Cranking the display resolution up on the stored samples, in effect zooming in on the graph, the WaveForms tool shows what the docs say is a "noise band indicating glitch or higher frequency components than the sampling frequency". (It's not clear to me how the device knows anything about what's going on above its sampling frequency.)


Cranking the resolution a little higher shows a graph that indicates the actual points at which the 1PPS wave form was sampled. Now we can see some ground truth (which was probably already obvious to the hardware folks): the display consists of straight lines between successive sampling events. The rise of the 1PPS output line from ground to VDC (the 3.3V logic level of the F9T) cannot be instantaneous, and in fact is captured by the 100MHz sampling rate of the AD2. This explains the slight jog in the leading edge of some of the 1PPS pulses that is visible in the lower resolution displays. (This insight will be even more useful shortly.)

High(er) Frequency Events

Pointing the AD2 at the F9T's 10MHz time pulse output, we would expect see even more measurement artifacts, since the AD2's sampling rate is merely ten times the frequency of the signal we are measuring.


The 10MHz time pulse is a digital signal, but not a sine wave. But its visualization by the AD2, and the fact the output signal cannot change instantaneously, makes it look like one.


Measuring the period of the time pulse becomes even more challenging. At what point do we compare successive pulses? The TAPR TICC, for example, counts anything that rises above a threshold of 1.7V as a pulse. Doing so here gives us a frequency of about 9.83MHz.


It occurred to me that measuring at the point in the pulse where it starts to rise might be a better indication of the goodness of the F9T. Doing so gives us a frequency just barely short of 10MHz, off by a claimed 0.2ns, probably within the measurement error of the AD2, and certainly within the claimed precision of the F9T. (0.2ns is smaller than the period of the sampling rate, 10ns, so once again it's not clear to me how the instrument knows this.)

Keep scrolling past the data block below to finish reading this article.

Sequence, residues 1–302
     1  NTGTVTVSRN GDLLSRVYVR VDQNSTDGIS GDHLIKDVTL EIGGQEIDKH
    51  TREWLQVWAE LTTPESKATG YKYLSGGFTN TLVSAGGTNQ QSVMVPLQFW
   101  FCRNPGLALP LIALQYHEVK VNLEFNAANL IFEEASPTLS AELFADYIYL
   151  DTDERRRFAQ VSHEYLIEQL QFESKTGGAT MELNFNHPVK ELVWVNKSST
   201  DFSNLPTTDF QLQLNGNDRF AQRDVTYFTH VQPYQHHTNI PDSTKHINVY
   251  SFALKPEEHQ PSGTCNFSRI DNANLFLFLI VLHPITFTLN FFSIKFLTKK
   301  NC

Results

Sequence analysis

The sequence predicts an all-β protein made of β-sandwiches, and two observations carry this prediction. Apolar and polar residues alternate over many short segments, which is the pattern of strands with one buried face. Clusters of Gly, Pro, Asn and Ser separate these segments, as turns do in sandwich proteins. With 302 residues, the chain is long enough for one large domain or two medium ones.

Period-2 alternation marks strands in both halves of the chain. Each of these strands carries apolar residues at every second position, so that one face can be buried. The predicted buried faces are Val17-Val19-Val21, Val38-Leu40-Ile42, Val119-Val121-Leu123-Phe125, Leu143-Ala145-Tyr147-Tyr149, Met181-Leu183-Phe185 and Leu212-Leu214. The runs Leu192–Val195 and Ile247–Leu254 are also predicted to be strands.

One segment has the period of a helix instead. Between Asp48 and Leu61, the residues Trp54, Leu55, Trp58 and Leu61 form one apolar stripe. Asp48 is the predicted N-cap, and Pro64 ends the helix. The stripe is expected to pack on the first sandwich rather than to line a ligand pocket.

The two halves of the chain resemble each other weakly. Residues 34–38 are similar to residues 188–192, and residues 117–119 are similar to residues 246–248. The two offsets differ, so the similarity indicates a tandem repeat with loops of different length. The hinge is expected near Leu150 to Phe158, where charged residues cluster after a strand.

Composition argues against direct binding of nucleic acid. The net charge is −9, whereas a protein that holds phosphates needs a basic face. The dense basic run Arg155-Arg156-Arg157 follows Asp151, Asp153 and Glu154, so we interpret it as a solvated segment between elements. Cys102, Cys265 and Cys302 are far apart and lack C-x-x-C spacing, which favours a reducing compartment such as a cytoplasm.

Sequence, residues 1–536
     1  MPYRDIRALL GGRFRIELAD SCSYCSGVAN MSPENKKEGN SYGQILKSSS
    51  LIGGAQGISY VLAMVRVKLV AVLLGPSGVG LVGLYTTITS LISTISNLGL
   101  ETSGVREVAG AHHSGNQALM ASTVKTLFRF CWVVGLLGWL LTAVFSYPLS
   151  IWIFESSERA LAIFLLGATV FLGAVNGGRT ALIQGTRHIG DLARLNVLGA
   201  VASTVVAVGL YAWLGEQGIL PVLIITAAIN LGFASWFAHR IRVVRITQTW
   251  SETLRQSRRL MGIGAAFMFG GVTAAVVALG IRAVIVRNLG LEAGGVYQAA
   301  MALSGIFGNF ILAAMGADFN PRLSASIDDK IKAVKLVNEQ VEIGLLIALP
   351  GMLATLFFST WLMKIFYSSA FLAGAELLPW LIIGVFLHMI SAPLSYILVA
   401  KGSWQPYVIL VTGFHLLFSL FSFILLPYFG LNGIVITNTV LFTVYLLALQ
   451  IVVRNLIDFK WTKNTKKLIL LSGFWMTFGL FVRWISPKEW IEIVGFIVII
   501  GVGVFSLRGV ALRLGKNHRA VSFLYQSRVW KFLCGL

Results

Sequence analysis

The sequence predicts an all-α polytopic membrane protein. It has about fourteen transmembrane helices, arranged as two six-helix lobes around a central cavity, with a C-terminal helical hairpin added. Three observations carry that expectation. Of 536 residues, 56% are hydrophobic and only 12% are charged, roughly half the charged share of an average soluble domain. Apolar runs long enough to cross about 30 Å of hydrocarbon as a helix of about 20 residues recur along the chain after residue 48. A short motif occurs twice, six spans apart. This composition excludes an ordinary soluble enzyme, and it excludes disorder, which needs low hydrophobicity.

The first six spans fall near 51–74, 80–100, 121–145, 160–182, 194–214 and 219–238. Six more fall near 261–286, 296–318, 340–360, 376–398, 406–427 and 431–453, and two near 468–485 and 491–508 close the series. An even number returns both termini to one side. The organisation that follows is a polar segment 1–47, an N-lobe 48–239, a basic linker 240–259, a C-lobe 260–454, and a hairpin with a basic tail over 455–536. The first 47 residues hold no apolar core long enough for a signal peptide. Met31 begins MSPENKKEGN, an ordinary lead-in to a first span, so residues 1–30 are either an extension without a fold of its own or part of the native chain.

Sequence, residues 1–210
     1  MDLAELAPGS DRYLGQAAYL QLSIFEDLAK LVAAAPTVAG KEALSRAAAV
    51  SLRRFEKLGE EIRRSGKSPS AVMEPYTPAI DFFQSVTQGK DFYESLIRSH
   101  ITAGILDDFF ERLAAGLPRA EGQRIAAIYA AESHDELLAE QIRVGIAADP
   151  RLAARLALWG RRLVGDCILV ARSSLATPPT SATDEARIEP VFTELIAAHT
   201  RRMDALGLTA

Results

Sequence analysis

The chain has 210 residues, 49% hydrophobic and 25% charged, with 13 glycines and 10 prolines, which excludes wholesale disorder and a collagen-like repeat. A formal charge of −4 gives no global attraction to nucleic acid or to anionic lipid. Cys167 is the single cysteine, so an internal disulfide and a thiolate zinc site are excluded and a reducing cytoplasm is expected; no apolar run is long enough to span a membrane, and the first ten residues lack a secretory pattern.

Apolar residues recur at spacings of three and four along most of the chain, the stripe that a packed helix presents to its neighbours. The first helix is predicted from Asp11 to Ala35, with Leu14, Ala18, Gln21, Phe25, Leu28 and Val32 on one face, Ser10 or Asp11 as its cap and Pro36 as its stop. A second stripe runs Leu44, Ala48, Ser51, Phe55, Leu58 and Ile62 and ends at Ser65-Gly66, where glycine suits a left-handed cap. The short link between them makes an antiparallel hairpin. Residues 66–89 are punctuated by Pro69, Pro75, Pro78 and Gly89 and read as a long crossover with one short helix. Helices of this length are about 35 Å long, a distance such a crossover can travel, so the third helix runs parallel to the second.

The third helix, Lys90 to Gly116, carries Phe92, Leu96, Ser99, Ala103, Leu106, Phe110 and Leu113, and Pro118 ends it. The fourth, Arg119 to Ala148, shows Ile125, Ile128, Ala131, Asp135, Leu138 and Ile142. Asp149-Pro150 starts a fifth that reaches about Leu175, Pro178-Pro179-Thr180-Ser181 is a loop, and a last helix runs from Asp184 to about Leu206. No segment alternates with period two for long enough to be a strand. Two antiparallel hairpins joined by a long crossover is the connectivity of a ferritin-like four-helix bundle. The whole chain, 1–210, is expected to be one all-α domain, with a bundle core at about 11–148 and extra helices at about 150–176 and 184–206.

Cranking the display resolution a little higher shows us the AD2's sampling points on the 10MHz wave form. (It also shows us why the wave form is a little funky looking, as the straight lines between samples become more obvious.) We can more carefully choose the data points that we used to measure the interval between time pulses.


It occurs to me (again, probably obvious to the hardware folks) that how good the 10MHz output of the F9T appears will depend upon both the input impedance - effectively the speed at which the analog signal can change, due to the electrical characteristics of the circuit - and the measurement threshold (e.g. 1.7V?) of the device that is making use of it.


Neither TAPR TICC nor the Digilent Analog Discovery 2 are good (read: expensive) enough to really judge the quality of the output of the U-Blox ZED-F9T. I'll leave that to the folks with the $25,000 (or more) oscilloscopes with the oven-controlled quartz crystals. However, they were absolutely indispensable at debugging my configuration script for the F9T.  Without them, I would have had no idea if I were even in the ball park with the fairly complex messaging my software was sending to the F9T. For no other reason than this, I recommend cost effective instruments like these for any embedded software developer's toolkit.

As for my own applications of the F9T, my opinion is: if it's good enough for 5G, it's probably good enough for me.